In reality, the team likely isn’t as invincible as they first appeared. There are little holes in their game to be poked at, but the same is true of every team ever. There will be a couple of games next season – probably against Liverpool, natch – where the opposition will be able to blunt their attack and/or ferociously exploit the spaces they naturally leave open. That happens. No approach works all of the time, but Man City’s works pretty damn often.
The player who completed the most throughballs in the PL last season was Kevin De Bruyne. In second place was Riyad Mahrez, who now plays for *checks notes* oh…
Obviously City didn’t make Mahrez their club record signing (£60m!) purely because of his throughball numbers, but this partially illustrates their reasoning. How do you improve a juggernaut attack? One way to go about it is to snap up possibly the only remaining player in your league that fits your stylistic template. Among players outside the top six Mahrez lead his peers by some margin in xG assisted. He’s a creative force to pile on top of other creative forces. At Leicester he mostly thrived in transition, but with his lovely weight of pass through small windows, as well as tight, slinky ball-control, he should slot into Guardiola’s system nicely.
If there’s one problem with Mahrez, it’s his shot selection. The man is a serial bad-shot taker, with an unsightly xG per shot. Last season that didn’t matter as he banged in 12 goals anyway – nearly double his xG. Flash back to 2016/17 and he managed three non-penalty goals from a similar profile. Such is the variable life of the technically superb yet overly ambitious shooter. The one bright spot is that his off-ball movement is solid on the occasions he utilises it. He got on the end of 18 transition shots (shots taken within 20 seconds of the opposition losing the ball deep), the second most in the league.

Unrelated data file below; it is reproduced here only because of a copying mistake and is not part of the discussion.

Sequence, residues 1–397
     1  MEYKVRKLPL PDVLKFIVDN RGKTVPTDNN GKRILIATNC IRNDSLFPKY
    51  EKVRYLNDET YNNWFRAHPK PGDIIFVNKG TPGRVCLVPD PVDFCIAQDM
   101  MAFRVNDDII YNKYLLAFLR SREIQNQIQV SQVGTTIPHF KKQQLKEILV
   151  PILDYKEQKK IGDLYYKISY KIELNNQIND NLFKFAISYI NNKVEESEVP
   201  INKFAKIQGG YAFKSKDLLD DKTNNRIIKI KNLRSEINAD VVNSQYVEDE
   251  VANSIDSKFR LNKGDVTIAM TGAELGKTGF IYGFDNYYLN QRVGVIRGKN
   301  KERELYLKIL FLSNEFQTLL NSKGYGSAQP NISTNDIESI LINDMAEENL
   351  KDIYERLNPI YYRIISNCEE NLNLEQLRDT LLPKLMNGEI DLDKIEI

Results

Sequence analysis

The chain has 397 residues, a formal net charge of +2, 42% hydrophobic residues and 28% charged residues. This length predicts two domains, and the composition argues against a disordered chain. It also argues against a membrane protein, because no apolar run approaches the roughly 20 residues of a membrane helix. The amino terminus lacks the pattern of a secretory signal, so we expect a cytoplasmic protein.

What really sticks out – aside from the pops from distance – is his predilection for coming inside and firing from wide angles. The man’s a solid dribbler and gets into dangerous locations using that skill, but the decision making from there is not so hot. He enjoys probing forward from central areas too. One imagines that Guardiola will emphasize the inventive side of his game. Pass don’t shoot. And then, every few games, Mahrez will curl one in the top corner from a ridiculous angle just to remind you how gifted City are.
Is this addition at all necessary? No, let’s be honest. It’s a wild fee for what is essentially pouring more melted chocolate onto a running fondue fountain. Consider this though: Guardiola can now conjure up whatever positional potpourri he desires from a stable that includes Kevin De Bruyne, David Silva, Riyad Mahrez, Raheem Sterling, Leroy Sané, Gabriel Jesus and Bernardo Silva, with Sergio Agüero to pop up front. That’s absurd.
Beyond Mahrez, City’s transfer window is curious more for the players they aren’t buying. Silly as it may seem to say considering their overall riches, the midfield situation is looking a tad precarious. The current rotation of Fernandinho/İlkay Gündoğan/Fabian Delph is plenty talented but Fernandinho is 33 years old, Gündoğan is a constant injury risk and Delph is pulling double duty as a backup left back. Should one go down – or should their main left-back Benjamin Mendy have time off, forcing Delph to take that spot – that’s some iffy territory. The club was heavily linked to Jorginho prior to him joining Chelsea, a missed move that would have gone a long way to quashing this unease. As it is, they may have to fall back on some Pep tactical tinkering if legs grow weary (an increased role for youngster Oleksandr Zinchenko?), or a winter window splurge.
Most seasons are preceded by repetitions of “insert team who won last season’s title here look well placed to defend it this year”. Invariably, things tend to spiral from there. The vagaries of football wreck merry hell on everyone’s assumptions. Once the sheen has worn off and we come to see that teams are only ever that good for a short while, the landscape looks very different. However, with Manchester City, this isn’t just conventional lip service. There are concerns there, primarily the slightly uneven second half of last season and the potential for depth issues. Yet the aggregate gap they opened up was so large it would be foolish to suggest anything other than this: these are your indisputable 2018/19 title favourites. Have at ’em.
Thank you for reading. More information about StatsBomb, and the rest of our season previews can be found here.
Header image courtesy of the Press Association
Article by Euan Dewar